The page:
¶ 5 Relevant here, the City's third, fourth, and fifth affirmative defenses are based on the Local Governmental and Governmental Employees Tort Immunity Act (Tort Immunity Act). 745 ILCS 10/1 et seq. (West 2014). The City is a "local public entity" for purposes of the Tort Immunity Act. 745 ILCS 10/1-206 (West 2014). The City's third affirmative defense invokes supervisory immunity under section 3-108 of the Tort Immunity Act as to counts I and IV. 745 ILCS 10/3-108 (West 2014). The City's fourth affirmative defense asserts discretionary immunity under section 2-201 of the Tort Immunity Act as to counts I and IV. 745 ILCS 10/2-201 (West 2014). The City's fifth affirmative defense asserts immunity as to all counts based on section 2-103 of the Tort Immunity Act, which provides that "[a] local public entity is not liable for an injury caused by adopting or failing to adopt an enactment or by failing to enforce any law." 745 ILCS 10/2-103 (West 2014).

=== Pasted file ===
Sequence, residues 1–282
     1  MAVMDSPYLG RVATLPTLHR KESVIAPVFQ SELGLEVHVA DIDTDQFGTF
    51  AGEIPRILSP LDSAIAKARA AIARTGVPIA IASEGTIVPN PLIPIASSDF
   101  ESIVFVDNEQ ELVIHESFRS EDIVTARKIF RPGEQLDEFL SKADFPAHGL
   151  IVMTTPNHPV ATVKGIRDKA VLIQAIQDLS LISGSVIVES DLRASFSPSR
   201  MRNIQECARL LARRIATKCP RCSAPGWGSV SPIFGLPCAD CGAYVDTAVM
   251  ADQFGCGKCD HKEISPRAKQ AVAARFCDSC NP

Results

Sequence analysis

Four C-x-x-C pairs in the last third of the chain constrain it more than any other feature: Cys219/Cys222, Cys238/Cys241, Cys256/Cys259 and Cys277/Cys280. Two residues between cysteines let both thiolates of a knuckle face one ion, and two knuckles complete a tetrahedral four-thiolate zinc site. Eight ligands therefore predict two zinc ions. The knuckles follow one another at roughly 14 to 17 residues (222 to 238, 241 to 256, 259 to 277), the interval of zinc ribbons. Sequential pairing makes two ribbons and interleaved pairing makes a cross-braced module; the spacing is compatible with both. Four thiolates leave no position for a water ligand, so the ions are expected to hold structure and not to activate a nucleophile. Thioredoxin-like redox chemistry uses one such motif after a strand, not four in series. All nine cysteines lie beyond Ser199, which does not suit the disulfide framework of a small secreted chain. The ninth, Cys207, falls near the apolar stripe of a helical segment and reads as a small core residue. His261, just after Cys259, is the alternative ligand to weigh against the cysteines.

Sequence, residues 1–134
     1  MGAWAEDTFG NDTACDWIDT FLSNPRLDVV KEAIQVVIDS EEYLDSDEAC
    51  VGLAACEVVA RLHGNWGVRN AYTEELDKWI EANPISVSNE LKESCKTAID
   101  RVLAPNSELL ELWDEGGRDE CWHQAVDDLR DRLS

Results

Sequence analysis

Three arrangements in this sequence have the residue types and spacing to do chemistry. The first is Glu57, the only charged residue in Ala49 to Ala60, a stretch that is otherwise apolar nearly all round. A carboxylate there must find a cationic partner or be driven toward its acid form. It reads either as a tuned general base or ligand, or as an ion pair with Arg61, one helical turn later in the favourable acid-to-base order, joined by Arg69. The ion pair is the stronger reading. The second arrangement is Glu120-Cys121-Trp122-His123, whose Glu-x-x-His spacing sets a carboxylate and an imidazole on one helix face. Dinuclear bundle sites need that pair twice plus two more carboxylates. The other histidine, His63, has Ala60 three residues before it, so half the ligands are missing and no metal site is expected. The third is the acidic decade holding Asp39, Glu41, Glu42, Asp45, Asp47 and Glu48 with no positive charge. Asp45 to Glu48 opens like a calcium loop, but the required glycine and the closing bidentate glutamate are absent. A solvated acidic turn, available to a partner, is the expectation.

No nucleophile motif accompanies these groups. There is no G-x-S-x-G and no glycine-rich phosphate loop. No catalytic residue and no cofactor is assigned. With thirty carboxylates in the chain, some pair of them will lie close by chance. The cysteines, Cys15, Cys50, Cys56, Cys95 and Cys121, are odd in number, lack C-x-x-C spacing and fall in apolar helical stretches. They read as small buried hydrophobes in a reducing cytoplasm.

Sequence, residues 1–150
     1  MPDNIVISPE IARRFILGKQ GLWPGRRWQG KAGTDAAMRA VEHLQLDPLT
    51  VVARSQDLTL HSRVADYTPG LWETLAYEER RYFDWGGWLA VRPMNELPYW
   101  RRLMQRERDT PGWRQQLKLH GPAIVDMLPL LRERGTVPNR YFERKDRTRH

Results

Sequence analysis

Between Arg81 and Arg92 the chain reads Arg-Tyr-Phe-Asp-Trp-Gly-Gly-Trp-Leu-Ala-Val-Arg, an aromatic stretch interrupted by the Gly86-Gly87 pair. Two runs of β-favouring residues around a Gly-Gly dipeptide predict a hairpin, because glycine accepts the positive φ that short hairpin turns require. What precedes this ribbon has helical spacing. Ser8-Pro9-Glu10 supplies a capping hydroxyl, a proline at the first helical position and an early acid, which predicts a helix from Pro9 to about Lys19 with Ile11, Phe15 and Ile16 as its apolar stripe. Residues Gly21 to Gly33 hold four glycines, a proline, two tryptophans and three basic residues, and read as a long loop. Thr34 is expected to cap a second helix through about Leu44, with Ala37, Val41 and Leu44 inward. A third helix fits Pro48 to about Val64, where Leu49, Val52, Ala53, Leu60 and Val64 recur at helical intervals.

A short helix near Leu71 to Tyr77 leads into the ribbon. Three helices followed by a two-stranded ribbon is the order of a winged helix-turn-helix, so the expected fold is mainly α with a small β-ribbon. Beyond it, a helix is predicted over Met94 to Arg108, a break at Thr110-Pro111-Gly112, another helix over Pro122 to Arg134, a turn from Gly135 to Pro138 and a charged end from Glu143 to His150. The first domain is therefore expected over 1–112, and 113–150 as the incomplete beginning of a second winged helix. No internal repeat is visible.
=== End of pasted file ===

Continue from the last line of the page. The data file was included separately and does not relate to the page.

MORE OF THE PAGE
¶ 6 Rozsavolgyi filed a motion to strike the City's amended affirmative defenses, and the City filed a motion for a Rule 308(a) finding. The circuit court ordered the parties to brief both motions and scheduled a hearing for April 22, 2015. On April 22, 2015, the circuit court denied Rozsavolgyi's motion to strike the City's first and second affirmative defenses (subject-matter jurisdiction and existence of employer policy) but granted the motion to strike the third, fourth, fifth, and sixth affirmative defenses. The circuit court, however, granted the City's motion for a Rule 308(a) finding and stayed counts II and III pending the interlocutory appeal. On April 29, 2015, the circuit court entered an order finding that the prior interlocutory orders dated October 17, 2014, January 23, 2015, and April 22, 2015, involved questions of law as to which there were substantial grounds for difference of opinion and that an appeal from these orders may materially advance the ultimate termination of the litigation. The circuit court certified the following questions for permissive interlocutory appellate review under Illinois Supreme Court Rule 308: